ell unto the Inhabitants of the Towne of Charlestowne, all the land within the lines granted them by the Court excepting the farmes and the ground on the west of the two great Ponds called Misticke ponds, from the south side of Mr. Nowell's lott neere the upper end of the ponds unto the little runnet Sucker brook in Arlington. that cometh from Capt. Cooke's mill which the Squaw reserveth to their use for her life for the Indians to plant and hunt upon and the weare At the mouth of the Aberjona. This point was overflowed by the dam at the partings in 1865. above the Ponds they also reserve for the Indians to fish at whiles the Squaw liveth, and after the death of Squaw Sachem shee doth leave all her lands from Mr Mayhues house Cradock's farm house at Medford Square. to near Salem to the present Governor Mr. John Winthrop Senr. Mr. Increase Nowell Mr. John Wilson Mr Edward Gibons to dispose of, and all Indians to depart and for sattisfaction from Charlestowne, wee acknowledge t
d third, south to foot of Winter hill, Main. Three streets branched to the right from High street to Woburn line. Purchase (now Winthrop), Woburn and Grove. Today only the three Hall houses below Governors avenue, the Unitarian parsonage, and the old Magoun cottage opposite remain of those standing in 1829. The present Winthrop square was then called Turell's corner. A new road had then been recently proposed which would have crossed the Playstead and Brooks estate, and also the Aberjona river, to the West Cambridge road, but instead, another was partially bought, hence its name. It made a more direct and level route to Upper Medford, and left old Woburn street to become a residential section. Let us now look at old High street, beginning at its terminal, Charlestown line. An old resident of Medford did this for us, and his story may be found in the Regis-ter, Vol. VIII, p. 44. This was Elijah B. Smith, who passed away August 16, 1903. His father, Elijah, was born in Le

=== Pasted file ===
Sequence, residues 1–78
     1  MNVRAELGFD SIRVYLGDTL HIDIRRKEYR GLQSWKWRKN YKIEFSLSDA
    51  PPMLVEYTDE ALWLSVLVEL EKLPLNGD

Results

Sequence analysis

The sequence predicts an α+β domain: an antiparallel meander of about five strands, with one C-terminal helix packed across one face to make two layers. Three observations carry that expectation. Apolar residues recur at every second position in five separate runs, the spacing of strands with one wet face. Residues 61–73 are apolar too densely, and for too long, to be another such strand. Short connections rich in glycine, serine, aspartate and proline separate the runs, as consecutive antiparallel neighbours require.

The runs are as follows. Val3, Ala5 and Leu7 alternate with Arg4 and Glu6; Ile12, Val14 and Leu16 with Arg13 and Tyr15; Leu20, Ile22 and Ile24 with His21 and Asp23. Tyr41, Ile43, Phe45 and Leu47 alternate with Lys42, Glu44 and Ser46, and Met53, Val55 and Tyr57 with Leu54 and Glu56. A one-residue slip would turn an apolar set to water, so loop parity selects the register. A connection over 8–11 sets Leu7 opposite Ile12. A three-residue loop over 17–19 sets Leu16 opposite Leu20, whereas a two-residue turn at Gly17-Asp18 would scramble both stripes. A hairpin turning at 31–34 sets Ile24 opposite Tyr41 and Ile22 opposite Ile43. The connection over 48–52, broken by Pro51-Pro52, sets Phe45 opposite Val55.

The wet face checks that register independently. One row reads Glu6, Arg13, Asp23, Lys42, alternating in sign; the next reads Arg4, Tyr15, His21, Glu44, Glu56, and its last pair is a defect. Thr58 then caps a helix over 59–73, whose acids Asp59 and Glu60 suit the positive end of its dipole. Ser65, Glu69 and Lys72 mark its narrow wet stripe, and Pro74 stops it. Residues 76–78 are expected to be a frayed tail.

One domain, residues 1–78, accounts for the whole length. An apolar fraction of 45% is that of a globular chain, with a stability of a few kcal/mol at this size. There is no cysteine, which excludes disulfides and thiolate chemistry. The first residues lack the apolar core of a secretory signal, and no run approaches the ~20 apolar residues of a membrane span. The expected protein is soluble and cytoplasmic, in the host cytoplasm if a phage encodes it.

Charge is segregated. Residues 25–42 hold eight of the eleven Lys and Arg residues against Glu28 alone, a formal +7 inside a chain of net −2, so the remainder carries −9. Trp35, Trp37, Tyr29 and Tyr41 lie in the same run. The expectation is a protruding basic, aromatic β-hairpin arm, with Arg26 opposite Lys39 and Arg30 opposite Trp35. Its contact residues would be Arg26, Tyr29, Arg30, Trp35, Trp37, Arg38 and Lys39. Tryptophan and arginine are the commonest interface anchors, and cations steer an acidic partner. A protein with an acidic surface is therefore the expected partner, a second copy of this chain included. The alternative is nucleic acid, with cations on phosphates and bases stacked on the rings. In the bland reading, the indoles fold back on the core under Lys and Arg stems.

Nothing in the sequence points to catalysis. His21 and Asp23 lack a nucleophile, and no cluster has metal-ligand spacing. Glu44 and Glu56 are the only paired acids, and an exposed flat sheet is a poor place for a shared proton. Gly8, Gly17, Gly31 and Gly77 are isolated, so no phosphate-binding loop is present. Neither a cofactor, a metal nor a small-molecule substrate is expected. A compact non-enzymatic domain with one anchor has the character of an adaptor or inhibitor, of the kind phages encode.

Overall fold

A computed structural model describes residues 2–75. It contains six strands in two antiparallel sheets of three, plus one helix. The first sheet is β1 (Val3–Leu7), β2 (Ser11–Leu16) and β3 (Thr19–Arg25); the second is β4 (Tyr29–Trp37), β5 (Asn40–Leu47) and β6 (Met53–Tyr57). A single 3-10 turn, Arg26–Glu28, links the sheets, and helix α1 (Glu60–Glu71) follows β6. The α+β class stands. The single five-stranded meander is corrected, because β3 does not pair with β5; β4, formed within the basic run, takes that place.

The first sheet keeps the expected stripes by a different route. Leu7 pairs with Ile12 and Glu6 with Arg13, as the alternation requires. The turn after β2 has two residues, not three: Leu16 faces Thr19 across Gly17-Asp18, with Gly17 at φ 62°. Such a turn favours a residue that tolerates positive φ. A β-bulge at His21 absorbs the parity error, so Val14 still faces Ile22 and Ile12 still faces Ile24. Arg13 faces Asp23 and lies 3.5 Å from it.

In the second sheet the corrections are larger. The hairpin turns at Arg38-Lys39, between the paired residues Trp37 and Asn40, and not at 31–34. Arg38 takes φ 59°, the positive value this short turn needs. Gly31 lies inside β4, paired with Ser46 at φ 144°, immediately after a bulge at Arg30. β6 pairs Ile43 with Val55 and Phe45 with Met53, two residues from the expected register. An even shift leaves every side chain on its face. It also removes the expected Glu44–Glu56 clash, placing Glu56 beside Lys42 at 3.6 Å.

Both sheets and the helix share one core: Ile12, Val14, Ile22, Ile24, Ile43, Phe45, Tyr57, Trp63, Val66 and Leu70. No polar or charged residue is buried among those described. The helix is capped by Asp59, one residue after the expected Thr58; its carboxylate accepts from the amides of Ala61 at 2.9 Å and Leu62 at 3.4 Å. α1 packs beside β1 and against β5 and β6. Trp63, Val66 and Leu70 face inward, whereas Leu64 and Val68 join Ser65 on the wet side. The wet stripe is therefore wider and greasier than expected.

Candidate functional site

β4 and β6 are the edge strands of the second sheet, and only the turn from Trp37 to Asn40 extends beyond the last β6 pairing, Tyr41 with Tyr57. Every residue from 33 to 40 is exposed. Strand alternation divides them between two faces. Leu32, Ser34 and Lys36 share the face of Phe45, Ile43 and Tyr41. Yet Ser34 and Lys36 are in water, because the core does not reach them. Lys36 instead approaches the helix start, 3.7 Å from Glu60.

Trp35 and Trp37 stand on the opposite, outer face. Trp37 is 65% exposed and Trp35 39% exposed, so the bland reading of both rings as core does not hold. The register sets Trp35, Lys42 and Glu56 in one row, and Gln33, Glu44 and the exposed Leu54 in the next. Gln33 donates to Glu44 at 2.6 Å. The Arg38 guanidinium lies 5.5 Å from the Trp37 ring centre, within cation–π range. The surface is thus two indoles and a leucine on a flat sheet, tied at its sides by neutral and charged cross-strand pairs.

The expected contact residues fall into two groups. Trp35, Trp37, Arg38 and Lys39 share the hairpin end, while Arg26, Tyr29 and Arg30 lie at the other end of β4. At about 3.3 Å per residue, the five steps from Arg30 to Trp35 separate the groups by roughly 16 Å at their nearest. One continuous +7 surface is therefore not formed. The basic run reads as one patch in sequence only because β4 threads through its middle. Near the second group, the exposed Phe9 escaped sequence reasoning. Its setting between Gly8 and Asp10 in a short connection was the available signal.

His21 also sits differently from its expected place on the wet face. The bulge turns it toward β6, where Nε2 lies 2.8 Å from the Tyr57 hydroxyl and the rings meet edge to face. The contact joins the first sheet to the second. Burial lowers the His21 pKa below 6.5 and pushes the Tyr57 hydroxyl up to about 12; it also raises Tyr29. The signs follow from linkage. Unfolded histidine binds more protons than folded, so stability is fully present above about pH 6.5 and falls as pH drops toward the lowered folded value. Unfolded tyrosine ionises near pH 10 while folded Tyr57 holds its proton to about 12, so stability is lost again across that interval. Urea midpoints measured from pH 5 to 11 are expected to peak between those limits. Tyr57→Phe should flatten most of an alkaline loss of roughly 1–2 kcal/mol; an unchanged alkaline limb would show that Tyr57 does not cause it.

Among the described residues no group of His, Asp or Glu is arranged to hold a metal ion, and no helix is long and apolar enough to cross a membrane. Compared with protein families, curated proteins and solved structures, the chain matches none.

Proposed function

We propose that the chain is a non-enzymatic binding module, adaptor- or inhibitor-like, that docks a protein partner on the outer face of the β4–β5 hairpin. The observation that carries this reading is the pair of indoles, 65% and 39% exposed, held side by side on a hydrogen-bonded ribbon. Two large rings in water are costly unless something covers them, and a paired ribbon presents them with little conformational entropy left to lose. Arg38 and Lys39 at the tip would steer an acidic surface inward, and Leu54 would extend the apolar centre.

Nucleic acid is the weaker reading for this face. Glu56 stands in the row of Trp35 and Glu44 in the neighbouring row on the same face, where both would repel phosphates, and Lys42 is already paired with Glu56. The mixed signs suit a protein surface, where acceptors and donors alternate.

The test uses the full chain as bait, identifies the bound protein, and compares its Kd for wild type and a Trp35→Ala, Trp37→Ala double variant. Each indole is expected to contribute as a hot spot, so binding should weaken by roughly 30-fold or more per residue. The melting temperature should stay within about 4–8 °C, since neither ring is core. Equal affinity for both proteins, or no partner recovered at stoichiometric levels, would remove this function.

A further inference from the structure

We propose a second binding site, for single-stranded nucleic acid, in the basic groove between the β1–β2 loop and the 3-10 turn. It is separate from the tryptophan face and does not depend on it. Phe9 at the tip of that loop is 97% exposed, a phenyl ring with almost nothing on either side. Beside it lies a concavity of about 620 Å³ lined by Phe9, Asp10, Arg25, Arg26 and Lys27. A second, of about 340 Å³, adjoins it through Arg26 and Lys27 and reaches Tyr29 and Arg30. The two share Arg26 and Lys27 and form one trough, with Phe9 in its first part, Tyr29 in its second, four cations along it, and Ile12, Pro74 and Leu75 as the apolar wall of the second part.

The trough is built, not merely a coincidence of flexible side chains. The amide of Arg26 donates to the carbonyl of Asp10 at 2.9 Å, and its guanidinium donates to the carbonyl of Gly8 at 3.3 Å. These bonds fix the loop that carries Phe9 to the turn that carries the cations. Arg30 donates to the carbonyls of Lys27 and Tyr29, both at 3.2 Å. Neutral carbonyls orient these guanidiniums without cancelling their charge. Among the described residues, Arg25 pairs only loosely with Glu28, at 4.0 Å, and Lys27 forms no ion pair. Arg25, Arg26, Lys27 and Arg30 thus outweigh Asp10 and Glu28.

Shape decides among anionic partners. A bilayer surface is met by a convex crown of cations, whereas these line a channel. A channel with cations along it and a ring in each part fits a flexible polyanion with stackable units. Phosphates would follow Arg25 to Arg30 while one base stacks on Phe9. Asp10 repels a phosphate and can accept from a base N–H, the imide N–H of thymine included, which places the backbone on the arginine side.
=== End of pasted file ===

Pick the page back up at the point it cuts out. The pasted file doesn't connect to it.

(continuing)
Medford Historical Society Papers, Volume 30., The road through the woods. (search)
f granite, within the estimated cost and so it would require no repairs for a century. Thus said the agent in his annual report. Alas for human calculations. The canal's rival, the Boston and Lowell railroad, cut another way through the estate and began the quicker travel by steam power in 1835. In 1860, the city of Charlestown built its water-works, raising the level of the upper pond six feet by the erection of a dam at the narrow strait known as The Partings. At that time there was a large, extensive woodland in that vicinity, utilized in that work. The contour of the upper pond was much changed, the mouth of the Aberjona became up-stream where was once the Symmes mill, thus destroying its water-power. Later came the Mystic valley parkway, over whose surface the modern automobiles so rapidly roll along. Grove street, once the road through the woods, has lost none of its beauty and charm, and may some day vie with its neighbors across the water, Interlaken and Morningside.